I like Rod Dreher's take on the Obama/Berlin moment from this morning, and I especially enjoyed the link to this splendid bit of writing. Political satire at its finest; I've read it a couple of times to savor the brilliance.
If the mainstream media decides that there's too much derision surrounding Obama over this Grand Tour of his, they may turn on him yet; while many of them are fiercely partisan, their first and deepest loyalties lie not with any particular candidate or party, but with their own self-interests. This is why Dukakis was defeated, among others--the media will go to bat for a credible Democrat, but not an incredible one--and it's also why they've been so gosh-darned excited about Obama, who has thus far avoided the stamp of ridiculousness that has destroyed the dreams of dozens of Democrats.
So this trip, this jaunt about Europe and the Middle East, has been fraught with peril from the start. Away from the lapdog press in America, amid bickering over speech scenery and backdrops, unable to hide the two deepest realities that define him so far (that he's still just a candidate, and that he has nothing particularly important to say), Obama has been risking his campaign on a singularly chancy roll of the dice. Why, some have begun to wonder, would he choose to campaign outside the United States at all? Did he run out of aptronymic U.S. towns to visit? Was he tired of having his campaign stump speeches relegated to--well, not section B, the media's not that unbiased--but at least the relative obscurity of the inner front page, after all the news about mortgage failures and gas prices and grumbling discontent? Why not campaign in America, among people who can actually vote for him?
Unless you're seriously going to argue that he's after the expatriate vote--you remember, all those angry B-list celebs who vowed to shake the dust of Hollywood from their feet if Bush were re-elected, unless somebody hired them to do a feature film in which case All would be Forgiven--you have to ponder this a bit. Considering how much could go wrong, and how little the payoff would be even if all went right, why would Obama go overseas for an extended campaign session?
I think the answer may be that he's trying to create the aura of inevitability, that mystical mantle that envelopes the successful and makes people begin to speak of him as if the office he covets were already his.
Consider the "mock presidential seal" his campaign affixed to his podium not all that long ago. Surely they realized that such an audacious move would backfire, right? Perhaps they did--but perhaps they thought it was a risk worth taking, if even just a few people subliminally internalized the message: "President Obama."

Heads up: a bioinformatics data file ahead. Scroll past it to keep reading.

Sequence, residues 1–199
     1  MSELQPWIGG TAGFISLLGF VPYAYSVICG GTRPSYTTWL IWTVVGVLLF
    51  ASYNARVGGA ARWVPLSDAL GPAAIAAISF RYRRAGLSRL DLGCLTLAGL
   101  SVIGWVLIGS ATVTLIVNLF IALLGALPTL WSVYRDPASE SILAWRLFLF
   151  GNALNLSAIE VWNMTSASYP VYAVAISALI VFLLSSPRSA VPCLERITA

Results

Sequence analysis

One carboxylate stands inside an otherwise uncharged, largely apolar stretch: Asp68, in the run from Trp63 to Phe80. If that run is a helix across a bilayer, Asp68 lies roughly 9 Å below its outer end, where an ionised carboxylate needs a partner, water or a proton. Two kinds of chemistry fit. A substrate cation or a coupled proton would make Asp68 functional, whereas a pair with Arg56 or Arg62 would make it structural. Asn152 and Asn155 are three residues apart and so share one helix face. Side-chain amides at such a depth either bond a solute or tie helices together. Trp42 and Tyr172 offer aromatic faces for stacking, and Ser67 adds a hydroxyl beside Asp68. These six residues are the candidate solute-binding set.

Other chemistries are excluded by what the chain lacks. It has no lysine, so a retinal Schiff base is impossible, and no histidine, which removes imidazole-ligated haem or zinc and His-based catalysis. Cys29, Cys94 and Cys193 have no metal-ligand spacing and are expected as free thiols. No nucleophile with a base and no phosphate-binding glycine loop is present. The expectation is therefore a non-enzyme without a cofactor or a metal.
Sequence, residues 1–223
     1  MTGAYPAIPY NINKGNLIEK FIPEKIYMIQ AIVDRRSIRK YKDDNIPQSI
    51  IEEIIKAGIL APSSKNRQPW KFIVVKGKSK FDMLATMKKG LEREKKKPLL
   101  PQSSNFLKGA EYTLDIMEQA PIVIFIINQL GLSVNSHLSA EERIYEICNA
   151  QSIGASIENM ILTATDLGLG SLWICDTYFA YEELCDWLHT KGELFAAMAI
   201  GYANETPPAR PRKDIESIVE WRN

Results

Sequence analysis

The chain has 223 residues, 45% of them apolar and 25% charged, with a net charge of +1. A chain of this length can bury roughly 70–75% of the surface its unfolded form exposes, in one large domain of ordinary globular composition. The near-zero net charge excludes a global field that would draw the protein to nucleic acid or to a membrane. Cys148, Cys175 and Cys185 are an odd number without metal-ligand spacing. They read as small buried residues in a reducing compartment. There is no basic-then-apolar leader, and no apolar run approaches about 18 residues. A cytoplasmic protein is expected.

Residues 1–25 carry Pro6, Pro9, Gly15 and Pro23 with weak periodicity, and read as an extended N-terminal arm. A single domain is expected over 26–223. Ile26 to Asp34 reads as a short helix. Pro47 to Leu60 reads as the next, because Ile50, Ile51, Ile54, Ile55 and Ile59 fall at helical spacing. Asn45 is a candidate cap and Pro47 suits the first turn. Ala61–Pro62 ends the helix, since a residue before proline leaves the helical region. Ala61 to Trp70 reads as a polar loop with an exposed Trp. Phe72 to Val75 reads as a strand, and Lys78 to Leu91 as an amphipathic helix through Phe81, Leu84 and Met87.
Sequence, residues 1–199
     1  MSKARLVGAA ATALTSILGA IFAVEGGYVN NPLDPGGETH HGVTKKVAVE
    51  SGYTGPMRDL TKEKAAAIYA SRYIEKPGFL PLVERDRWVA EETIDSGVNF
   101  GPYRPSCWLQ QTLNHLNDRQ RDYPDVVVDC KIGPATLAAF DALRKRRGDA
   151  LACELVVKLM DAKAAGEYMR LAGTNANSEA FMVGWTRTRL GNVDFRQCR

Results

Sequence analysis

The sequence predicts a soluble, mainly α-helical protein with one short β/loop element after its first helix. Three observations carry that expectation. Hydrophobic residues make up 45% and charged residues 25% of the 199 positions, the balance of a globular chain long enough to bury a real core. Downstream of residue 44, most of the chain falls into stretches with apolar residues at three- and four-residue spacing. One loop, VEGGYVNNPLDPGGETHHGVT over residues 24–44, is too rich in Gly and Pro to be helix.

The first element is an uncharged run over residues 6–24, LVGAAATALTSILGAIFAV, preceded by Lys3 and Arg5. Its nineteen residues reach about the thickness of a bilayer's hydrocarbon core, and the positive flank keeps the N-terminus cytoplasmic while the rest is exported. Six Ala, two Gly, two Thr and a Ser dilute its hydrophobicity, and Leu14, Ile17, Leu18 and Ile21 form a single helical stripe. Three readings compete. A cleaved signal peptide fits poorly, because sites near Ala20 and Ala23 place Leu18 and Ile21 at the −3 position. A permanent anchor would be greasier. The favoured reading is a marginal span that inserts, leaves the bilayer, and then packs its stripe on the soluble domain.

And this tour seems part of the same strategy. Americans are quite used to their president flying overseas to meet with foreign dignitaries, give speeches, gather crowds. By doing this now, while still the candidate, I think Obama wants people to start thinking of him right now as their only possible future president, the one to whom the people of the world are flocking with interest and admiration.
His meeting with General Petraeus, which I blogged about earlier, was cut from the same cloth--Obama didn't meet with him as a candidate for President, but in a way that clearly left the message, "I will be your next boss." It was arrogant beyond belief, but I think Obama knew the American media would give him a pass on that, and the message would be sent not only to Petraeus but to millions of potential voters, as well.
His speech in Berlin was quite possibly the first event in this scripted and results-driven tour that didn't go quite as planned. Not only did he not get the location he had hoped for, but there was no doubt in anyone's mind that the speech was mediocre at best, words without an obvious purpose, mere fluff that said little and meant less. From Obama's perspective, though, as long as Joe and Jane Average Voter saw crowds of foreigners grouped eagerly around some historically significant cosmopolitan location, the speech may have been a success; if the point of this trip is to make it seem inevitable that our next president will be President Obama, it matters little what the people who heard the speech actually thought of it.
But it does matter what the media thinks of it; I think Obama's making the same miscalculation that led him to try the "Unity, N.H." trick more than once. The press is not nearly as much in his pocket as he thinks they are--they're always something of an unknown quantity, capable of conducting sympathetic puffery interviews one minute and morphing into journalistic Rottweilers the next. I think they know perfectly well what he's up to on this trip, that he wants, with their help, to create the illusion that it is quite simply inevitable for him to be elected president. And many of them may be quite willing to go along with that, too--but not if Joe and Jane Average Voter catch on, and start to laugh at the whole idea.
Because the media is willing to do a lot of things for someone like Barack Obama--but share the hysterical laugher, and the aura of ridicule, is not one of them. Let that mantle cross his shoulders for a moment, and the press Obama's been able to count on for the most part until now will display an entirely different face.